“Believing in Iron” and “Against Silence” are poems that speak directly to African American history, lives and labor as they intersect with our domestic and international military campaigns.
Poet Yusef Komunyakaa’s work in part draws from his experiences as an African-American growing up in Louisiana during the Civil Rights movement and later, as an American editor and correspondent covering the Vietnam War. Tyehimba Jess, a promising new voice, connects our current drone campaigns in Pakistan (among other countries) to the growing militarization of our American policing institutions and the impact of both on young people of color in the United States.
Komunyakaa’s narrator asks the reader if the struggle of structural inequity can be translated into a literary aesthetic, and does this by interrogating symbols of modernist poetry and military campaigns against his family’s working lives. While Komunyakaa’s narrator is visited in dreams by the consequences of war, Jess’s list of names insists the reader acknowledge complex identities and histories archived in the people his poem represents, as they themselves are archived by newspapers and morgues. He lists the ordinary circumstances in which their lives are ended and their names, he points out, have the music and complexity of effaced lyric poetry.
“Believing in Iron”
The hills my brothers & I created
Never balanced, & it took years
To discover how the world worked.
We could look at a tree of blackbirds
& tell you how many were there,
But with the scrap dealer
Our math was always off.
Weeks of lifting and grunting
Never added up to much,
But we couldn’t stop
Believing in iron.
Abandoned trucks & cars
Were held to the ground
By thick, nostalgic fingers of vines
Strong as a dozen sharecroppers.
We’d return with our wheelbarrow
Groaning under a new load,
Yet tiger lilies lived better
In their languid, August domain.
Among paper & Coke bottles
Foundry smoke erased sunsets,
& we couldn’t believe iron
Left men bent so close to the earth
As if the ore under their breath
Weighed down the gray sky.
Sometimes I dreamt how our hills
Washed into a sea of metal,
How it all became an anchor
For a warship or bomber
Out over trees with blooms
Too red to look at.
From Magic City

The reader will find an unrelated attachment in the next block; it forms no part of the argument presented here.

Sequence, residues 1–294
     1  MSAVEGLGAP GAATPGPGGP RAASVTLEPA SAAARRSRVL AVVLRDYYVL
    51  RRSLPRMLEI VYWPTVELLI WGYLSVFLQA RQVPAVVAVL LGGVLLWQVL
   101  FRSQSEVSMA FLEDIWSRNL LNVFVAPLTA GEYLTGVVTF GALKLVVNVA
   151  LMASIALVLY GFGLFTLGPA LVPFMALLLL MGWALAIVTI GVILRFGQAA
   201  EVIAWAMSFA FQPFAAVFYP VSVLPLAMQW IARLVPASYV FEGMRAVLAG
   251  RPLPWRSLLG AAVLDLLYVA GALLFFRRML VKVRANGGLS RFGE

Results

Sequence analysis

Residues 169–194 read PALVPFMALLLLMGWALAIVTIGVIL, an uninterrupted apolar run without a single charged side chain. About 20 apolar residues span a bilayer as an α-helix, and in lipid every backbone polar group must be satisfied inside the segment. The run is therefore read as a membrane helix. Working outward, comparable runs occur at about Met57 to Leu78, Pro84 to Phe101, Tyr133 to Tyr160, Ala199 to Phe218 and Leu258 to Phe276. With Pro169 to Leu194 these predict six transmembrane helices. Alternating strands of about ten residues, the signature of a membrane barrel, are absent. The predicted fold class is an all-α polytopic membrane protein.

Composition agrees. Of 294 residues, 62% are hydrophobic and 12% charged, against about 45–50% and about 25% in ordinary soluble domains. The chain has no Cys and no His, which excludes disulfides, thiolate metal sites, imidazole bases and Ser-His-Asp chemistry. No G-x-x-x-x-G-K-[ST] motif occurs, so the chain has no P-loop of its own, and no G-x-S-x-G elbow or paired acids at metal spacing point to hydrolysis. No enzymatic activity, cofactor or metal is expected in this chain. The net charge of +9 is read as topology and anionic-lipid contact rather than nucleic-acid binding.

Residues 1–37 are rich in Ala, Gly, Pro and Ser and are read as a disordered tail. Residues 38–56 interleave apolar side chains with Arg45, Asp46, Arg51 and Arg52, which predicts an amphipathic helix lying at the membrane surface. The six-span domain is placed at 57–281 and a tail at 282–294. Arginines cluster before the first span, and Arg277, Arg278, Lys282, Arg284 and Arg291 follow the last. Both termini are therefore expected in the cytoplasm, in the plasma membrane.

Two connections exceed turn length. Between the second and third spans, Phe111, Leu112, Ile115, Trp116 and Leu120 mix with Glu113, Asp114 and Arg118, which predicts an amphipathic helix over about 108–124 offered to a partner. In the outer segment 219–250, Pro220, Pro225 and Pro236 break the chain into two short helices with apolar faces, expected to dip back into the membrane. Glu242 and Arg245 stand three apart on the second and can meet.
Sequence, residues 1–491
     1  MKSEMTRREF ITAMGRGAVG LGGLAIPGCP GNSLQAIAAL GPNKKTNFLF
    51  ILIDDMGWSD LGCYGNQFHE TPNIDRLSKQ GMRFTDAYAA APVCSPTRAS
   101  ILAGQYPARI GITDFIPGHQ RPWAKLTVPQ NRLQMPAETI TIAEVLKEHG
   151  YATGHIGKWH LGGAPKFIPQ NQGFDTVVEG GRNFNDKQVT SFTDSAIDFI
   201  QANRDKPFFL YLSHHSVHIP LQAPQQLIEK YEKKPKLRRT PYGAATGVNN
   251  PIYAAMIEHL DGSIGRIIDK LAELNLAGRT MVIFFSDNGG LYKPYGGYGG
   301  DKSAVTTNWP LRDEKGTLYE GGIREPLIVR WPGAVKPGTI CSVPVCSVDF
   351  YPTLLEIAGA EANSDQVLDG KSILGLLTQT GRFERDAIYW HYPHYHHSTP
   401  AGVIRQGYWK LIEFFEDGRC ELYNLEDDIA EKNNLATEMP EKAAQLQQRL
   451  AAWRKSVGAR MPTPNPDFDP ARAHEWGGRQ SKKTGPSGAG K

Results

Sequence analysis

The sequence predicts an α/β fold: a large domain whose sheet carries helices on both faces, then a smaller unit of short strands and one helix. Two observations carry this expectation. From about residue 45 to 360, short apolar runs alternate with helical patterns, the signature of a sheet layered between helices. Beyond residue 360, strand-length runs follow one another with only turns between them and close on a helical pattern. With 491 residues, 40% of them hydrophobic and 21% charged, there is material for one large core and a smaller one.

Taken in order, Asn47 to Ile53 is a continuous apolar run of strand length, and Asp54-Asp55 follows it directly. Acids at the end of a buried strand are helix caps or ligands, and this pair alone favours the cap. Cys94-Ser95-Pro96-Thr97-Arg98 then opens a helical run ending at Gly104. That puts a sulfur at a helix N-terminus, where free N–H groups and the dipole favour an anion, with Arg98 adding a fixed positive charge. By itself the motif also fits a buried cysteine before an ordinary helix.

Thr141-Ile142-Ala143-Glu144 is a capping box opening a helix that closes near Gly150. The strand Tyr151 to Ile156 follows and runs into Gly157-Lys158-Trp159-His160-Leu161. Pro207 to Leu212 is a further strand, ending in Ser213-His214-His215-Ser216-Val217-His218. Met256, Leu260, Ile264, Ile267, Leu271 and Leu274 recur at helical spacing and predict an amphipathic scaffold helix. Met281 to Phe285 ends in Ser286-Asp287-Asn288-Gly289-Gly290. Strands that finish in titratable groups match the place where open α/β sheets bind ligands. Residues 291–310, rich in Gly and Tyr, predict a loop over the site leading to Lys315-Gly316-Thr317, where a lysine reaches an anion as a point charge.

My name is Tyehimba Jess. I am a black poet. I have a silence to be rightened. I have a silence after each shooting. I remain a nation unsilenced. I am a poet murdering silence. My name is Eric. My name is Bell. My name is Eleanor. My name is nation. My rights fit any murder description. My remains remained on the asphalt for four hours while the crowd screamed about my rights. Then, the silence as I was shoved into an SUV and carted to the morgue. My name is poetic: Trayvon, Diallo, Ousmane, sing my blackness in the headlines. My name once held all possibilities, but now flies out from the mouth hauling anger and sorrow. I have a right to be angry. I have a morgue inside my silence. I have an arm against my throat and a bullet in my head. I have a wedding to go to, a graduation to walk, a little brother to chill with, and now I’m a face on a placard in a sea of anger, a newspaper article, I’m a question passed from one generation to the next, a lesson in fear, and all I really want is to go home. My name is murdered. My name is a silent snapshot on the funeral program. The officer remained silent. He was programmed by a nation’s anger, a moaning silence born in the chokehold of a slaveship. Ask if he is a drone cruising the streets of the nation, programmed to murder black. Ask a drone for the poetry of the names of the rightless it has murdered. Ask the silence about your rights. My name is Pearly Golden. My name is Tariq Aziz. My name is Kayla Moore. My name is Aiyanna Stanley Jones. My name is Fazal Wahad. My name is a nation of funerals. The silence after my name is murdered by the sound of the next. My name is Michael Brown. My name is Kimani Gray. Kendric McDade. Mashooq Jan. Mohammad Yaas Khann. The angry drone spotted me while I was coming home from the store, on the way to work, on the way to a wedding, walking down the street. The drone looked down at me from its great height and power and the sky was full of its murder. My murder is a right this nation angers for. My name is a poem. My name is not silence. I am a black poem written into the silence left behind.